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How to make oxide mix use as under glaze


allenc27
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Hi Allen,

From your title it sounds like you are asking about an underglaze but it could be an iron wash you are asking about, not sure.

Are you just looking to brush iron oxide under or over a glaze? If this is the case then an iron wash might be what you are looking for. A wash is put on much thinner than the typical underglaze or slip. One cone 6 -10 iron wash recipe is 25 ball clay, 25 nepheline syenite, 50 red iron oxide, mixed with water to a thin consistency. I would try it on a test tile under your glaze before using it on a real pot. If your glaze is high in calcium it will bleach out the iron and it will turn a straw colour. Like everything in ceramics test it first.

Underglazes are formulated to go on greenware or bisque, usually have a frit base so they don't shrink excessively which would in turn cause cracking and lifting issues. There are commercial brown underglazes available, you can make them yourself but it's not cost effective. Underglazes can also be used overtop of glazes but with some colours there could be food safety issues with not having a covering glaze over them. Underglazes are typically made with stains not raw oxides.

If you use slip with iron oxide there will be shrinkage and cracking issues if you put it on a bisque fired pot under or over the glaze. Slips are typically put on the pot as soon after making the pot as possible so the slip and the pot shrink together. Stains, opacifiers, colouring oxides and carbonates can be added to slips. If you are using a white or light coloured clay then using the same claybody to make the slip is ideal as the pot and slip will have the same shrinkage rate.

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  • 1 year later...
12 hours ago, Mariana said:

How would iron oxide wash work on low temperature? Cone 4 for exemplo... or 1000C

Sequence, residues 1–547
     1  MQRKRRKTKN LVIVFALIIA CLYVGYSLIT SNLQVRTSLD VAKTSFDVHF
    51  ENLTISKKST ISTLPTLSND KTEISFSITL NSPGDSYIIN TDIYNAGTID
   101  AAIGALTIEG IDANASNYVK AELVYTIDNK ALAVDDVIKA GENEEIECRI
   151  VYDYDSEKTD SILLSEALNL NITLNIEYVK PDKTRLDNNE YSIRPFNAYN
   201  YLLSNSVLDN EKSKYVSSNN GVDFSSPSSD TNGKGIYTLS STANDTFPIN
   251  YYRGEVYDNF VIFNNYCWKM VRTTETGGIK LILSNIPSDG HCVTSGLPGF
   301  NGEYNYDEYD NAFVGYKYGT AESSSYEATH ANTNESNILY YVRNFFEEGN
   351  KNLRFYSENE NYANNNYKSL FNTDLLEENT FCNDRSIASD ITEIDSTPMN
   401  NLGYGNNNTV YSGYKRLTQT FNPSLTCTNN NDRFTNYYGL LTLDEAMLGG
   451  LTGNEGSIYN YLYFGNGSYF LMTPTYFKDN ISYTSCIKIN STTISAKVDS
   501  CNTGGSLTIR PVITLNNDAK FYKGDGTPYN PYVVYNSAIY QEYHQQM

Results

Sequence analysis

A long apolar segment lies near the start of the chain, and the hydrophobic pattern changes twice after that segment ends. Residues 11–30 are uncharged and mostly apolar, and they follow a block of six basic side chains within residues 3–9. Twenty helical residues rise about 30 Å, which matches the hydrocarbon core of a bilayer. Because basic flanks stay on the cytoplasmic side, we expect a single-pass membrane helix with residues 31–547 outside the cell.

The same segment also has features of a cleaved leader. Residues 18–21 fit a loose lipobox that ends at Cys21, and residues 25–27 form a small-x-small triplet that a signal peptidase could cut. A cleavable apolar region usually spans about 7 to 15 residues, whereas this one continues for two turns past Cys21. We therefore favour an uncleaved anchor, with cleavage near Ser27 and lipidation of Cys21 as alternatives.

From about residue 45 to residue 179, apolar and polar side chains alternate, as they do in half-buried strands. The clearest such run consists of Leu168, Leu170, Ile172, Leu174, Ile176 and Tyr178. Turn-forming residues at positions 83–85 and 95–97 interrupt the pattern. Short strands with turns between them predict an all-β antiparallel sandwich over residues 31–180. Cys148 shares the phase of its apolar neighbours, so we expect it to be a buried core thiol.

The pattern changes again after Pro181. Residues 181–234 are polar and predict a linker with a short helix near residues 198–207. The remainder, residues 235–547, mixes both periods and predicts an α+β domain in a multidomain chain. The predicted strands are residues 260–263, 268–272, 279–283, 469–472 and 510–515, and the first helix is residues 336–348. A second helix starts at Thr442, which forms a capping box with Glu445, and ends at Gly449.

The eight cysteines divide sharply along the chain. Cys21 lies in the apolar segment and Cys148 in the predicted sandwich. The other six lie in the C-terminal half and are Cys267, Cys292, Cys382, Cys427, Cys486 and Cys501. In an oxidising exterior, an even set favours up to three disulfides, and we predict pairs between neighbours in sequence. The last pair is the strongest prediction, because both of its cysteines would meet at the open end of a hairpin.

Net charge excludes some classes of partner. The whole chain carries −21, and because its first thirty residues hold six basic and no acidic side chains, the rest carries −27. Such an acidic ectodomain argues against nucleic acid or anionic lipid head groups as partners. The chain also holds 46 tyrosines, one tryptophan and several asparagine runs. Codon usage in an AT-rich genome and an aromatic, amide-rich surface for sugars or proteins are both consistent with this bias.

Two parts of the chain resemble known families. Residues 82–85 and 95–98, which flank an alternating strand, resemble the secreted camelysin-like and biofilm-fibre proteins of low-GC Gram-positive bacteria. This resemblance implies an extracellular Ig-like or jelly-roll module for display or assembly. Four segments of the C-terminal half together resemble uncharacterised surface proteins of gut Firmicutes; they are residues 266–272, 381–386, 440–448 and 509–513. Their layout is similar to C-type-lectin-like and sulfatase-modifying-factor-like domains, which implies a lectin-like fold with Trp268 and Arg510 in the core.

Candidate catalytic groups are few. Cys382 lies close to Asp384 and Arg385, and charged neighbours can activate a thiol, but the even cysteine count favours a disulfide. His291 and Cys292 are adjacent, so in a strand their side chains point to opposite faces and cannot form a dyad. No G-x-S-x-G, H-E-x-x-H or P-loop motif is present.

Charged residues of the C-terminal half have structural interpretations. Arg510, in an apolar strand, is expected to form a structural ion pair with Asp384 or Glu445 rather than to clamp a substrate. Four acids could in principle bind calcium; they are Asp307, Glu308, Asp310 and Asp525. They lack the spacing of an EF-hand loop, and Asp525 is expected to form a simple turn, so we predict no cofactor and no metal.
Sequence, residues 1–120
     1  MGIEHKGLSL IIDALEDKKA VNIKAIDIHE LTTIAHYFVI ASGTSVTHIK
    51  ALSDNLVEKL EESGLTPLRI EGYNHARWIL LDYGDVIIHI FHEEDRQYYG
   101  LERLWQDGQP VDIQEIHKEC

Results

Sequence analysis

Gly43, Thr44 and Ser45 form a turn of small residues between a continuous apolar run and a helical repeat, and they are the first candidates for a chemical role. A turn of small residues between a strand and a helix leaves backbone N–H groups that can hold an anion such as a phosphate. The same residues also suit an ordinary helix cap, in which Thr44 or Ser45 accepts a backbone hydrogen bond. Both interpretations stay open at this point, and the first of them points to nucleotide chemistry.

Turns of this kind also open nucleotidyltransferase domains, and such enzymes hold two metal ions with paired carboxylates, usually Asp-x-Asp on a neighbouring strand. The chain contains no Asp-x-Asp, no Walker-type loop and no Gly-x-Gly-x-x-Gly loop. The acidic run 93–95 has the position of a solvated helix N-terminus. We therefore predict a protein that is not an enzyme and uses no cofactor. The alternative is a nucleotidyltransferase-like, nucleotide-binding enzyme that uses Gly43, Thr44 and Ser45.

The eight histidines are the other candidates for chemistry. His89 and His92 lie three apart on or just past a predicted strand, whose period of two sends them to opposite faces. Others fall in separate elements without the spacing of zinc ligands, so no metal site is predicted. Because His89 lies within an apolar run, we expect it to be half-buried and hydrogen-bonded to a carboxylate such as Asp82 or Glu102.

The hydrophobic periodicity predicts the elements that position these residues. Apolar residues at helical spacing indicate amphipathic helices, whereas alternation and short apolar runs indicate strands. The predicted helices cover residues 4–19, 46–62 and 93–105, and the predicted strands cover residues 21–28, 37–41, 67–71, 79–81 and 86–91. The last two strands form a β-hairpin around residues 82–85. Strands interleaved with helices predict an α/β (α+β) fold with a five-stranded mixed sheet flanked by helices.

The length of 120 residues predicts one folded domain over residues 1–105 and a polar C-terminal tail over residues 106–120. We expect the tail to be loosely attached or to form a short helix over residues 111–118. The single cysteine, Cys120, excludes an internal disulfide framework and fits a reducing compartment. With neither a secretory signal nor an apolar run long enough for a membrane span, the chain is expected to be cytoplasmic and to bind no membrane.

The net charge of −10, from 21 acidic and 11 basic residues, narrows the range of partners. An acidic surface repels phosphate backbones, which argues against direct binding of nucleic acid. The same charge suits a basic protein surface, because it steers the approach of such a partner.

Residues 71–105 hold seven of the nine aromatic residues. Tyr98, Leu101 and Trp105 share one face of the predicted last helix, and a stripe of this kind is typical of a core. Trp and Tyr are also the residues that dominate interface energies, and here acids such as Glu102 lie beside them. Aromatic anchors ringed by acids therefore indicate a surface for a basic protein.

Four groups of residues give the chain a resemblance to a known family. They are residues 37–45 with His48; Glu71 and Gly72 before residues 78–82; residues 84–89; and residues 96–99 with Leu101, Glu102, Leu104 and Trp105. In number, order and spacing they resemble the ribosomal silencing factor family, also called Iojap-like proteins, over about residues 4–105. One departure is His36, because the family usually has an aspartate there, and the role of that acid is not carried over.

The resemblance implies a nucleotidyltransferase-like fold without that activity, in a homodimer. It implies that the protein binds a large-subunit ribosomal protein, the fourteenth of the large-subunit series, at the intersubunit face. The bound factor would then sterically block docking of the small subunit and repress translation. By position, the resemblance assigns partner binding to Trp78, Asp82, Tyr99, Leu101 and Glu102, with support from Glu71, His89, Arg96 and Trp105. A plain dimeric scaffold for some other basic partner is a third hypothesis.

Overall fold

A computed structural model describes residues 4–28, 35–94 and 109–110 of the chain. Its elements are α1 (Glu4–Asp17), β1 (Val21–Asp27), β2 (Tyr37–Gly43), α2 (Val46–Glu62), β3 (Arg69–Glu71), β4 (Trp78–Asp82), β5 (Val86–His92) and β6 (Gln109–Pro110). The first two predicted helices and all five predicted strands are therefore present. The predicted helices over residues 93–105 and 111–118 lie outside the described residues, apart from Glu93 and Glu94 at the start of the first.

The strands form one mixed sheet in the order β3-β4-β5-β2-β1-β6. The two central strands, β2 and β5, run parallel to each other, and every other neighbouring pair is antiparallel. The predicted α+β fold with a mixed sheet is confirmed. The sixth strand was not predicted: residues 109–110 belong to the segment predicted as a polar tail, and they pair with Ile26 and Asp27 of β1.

Try 1 part iron oxide plus 1 part frit (which ever one you usually use at low fire) plus 1 part bentonite or equal parts iron oxide plus gerstley borate. Test it and see if it's doing what you want, dilute or increase the iron or frit/gerstley borate as necessary. 

BTW, cone 4 is roughly 1160C so thinking you meant cone 04 which would be roughly 1060C.

Welcome to the forum.

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1 hour ago, Min said:
14 hours ago, Mariana said:

How would iron oxide wash work on low temperature? Cone 4 for exemplo... or 1000C 
 

Try 1 part iron oxide plus 1 part frit (which ever one you usually use at low fire) plus 1 part bentonite or equal parts iron oxide plus gerstley borate. Test it and see if it's doing what you want, dilute or increase the iron or frit/gerstley borate as necessary. 

BTW, cone 4 is roughly 1160C so thinking you meant cone 04 which would be roughly 1060C.

I use a mixture of iron oxide and water as an ink for my logo on greenware.  the bisque is fired to ~cone 07 (~950 C) and the marks are fused to the ware; therefore at 1000 C the marks will be well attached.  

Adding tiny pinch of the moist clay body can act as a carrier for the iron oxide slurry; the optimal ratio of clay body to iron oxide to water  is determined by your testing and the way you apply the marks. 

 keep it simple. 

LT
 

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